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That's fine as long as you leave the money in the Ltd. But if you use any of the profits you will end up paying the same or more. This might be a good strategy if you work, then stop & start drawing dividends. As with everything, the actual scenario varies from person to person, and it can be very complex. Regardless of that & your post, I'd still wait a week.
Yes it is complicated but with paying a director's pension and repaying the director's loans made for deposits and purchase costs I will be able to take out all the money my company makes for several years without paying income tax.
I am not making any decisions based on the manifestos. My point was that unincorporating to avoid a 26% corporation tax does not seem a sensible choice.
I agree with you given your circumstances, however not everyone has that scenario, in fact I think it's probably less common than most alternatives. It does illustrate that everybody needs a personal financial plan.
Good point about the Election Nick. So much up in the air!! There is nothing wrong with incorporation but anything that gets really complex around that is something to be wary of, especially if there is any form of non-disclosure involved. Smoke and mirrors in property generally comes back to bite at some point. Also worth noting that Mark Alexander is not a qualified tax advisor, he's just the salesman of the scheme. Getting advice from salesmen is often not in someone's best interest in my experience, because they are going to sell you their solution, not the best one for your circumstances. That is why independent tax advice is so important.
I was Interested to read a post from Lisa Orme somewhere (possibly on the HMO Facebook page). She was saying that she has come across people who were struggling to remortgage because their personal tax affairs didn't match what the lender expected to see (due to BICT?). Would be interested to hear more about that and apologies to Lisa if my recollection is incorrect.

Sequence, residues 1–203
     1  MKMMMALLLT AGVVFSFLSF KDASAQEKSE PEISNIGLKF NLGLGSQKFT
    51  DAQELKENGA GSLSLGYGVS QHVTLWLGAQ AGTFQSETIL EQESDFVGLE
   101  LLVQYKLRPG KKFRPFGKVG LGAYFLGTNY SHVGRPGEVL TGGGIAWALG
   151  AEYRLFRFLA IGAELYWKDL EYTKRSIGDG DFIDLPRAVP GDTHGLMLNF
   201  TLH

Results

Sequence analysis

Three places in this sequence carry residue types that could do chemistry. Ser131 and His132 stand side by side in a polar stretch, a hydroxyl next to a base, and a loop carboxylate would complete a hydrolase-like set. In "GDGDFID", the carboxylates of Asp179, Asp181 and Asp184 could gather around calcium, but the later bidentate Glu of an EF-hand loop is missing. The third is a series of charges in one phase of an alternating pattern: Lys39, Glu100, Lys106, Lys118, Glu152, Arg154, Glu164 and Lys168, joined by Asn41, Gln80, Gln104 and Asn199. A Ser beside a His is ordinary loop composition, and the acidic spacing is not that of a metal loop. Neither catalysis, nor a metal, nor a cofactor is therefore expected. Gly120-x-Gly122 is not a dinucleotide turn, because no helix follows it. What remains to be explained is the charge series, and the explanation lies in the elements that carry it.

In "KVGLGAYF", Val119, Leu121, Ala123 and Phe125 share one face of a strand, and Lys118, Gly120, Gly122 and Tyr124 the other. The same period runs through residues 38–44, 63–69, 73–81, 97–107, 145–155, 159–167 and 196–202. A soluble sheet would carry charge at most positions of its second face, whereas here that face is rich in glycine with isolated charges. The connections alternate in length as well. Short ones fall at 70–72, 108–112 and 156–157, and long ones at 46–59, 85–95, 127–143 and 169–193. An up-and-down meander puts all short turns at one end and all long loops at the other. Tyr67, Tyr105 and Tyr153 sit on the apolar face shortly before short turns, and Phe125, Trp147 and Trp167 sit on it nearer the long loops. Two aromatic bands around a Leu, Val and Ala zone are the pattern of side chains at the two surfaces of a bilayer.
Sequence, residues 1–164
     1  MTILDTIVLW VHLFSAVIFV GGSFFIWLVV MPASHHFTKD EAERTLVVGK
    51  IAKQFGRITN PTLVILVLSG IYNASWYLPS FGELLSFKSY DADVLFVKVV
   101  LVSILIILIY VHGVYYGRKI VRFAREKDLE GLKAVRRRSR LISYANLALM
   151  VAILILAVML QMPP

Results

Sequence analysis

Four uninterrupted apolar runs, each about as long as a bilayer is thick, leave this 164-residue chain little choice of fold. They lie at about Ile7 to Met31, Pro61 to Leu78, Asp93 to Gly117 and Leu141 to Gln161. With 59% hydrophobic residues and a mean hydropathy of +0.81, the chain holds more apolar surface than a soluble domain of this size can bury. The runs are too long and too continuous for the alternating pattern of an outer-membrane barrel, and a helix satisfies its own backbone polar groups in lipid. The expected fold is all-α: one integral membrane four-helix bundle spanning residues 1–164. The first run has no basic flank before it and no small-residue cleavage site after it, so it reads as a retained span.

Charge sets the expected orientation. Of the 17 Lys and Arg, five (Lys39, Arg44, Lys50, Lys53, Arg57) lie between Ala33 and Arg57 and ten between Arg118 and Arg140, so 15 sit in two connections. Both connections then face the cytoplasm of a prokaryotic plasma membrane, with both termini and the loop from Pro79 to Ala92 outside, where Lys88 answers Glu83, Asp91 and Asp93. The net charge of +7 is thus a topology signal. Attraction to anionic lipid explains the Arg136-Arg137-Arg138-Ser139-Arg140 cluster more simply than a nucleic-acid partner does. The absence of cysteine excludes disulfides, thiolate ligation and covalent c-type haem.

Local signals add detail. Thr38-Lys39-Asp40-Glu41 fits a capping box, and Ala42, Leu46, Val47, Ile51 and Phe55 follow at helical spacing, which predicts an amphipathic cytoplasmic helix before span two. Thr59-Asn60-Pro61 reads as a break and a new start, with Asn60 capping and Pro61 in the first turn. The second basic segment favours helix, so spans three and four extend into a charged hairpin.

I mentioned that I had a client who was declined by lenders he had spoken to (before coming to me) as he had entered into a tax scheme that meant he didn't have any taxable rental income.
He had the mortgages in his name and wanted to evidence he was an experienced investor by providing his portfolio however his tax return showed no taxable rental income which caused the lenders to question where the rent was going, how he made his mortgage payments and how he lived. There's answers to those (pay the mortgage anyway, live off the non taxed money etc) but lenders don't want to a) get their head around this or b) take even the slightest risk that may be lending to someone who is involved in tax avoidance/evasion.
I simply suggested that entering into any such scheme may create similar issues.
Under the new PRA guidelines and those still to be implemented this year lenders require your portfolio for assessment and are looking a lot closer at how your tax returns compare to the mortgages they can see on your credit file and the portfolio you've declared. Differences are looked at very closely.
Brokers and lenders have in effect become unpaid tax collectors and we have had to refuse a numbers of clients until they get their tax affairs in order.
Lisa All comments are for education and information purposes only and do not construe as advice or a financial promotion. No liability is accepted for comments made. If you wish to receive information in an advisory capacity then please contact me about becoming a client. www.keys-mortgages.com
That's a really good insight, thank you for clarifying what I'd read.
I met a girl recently who was explaining her family tax avoidance scheme. If I remember correctly it involved a foreign trust, expat portfolio mortgage and a couple of other naughty bits. Seemed like a workable scheme though she did mention her father had been investigated 7 times!!
I found plenty of people online who had come foul of the same/similar schemes but it's amazing whats available to the very rich..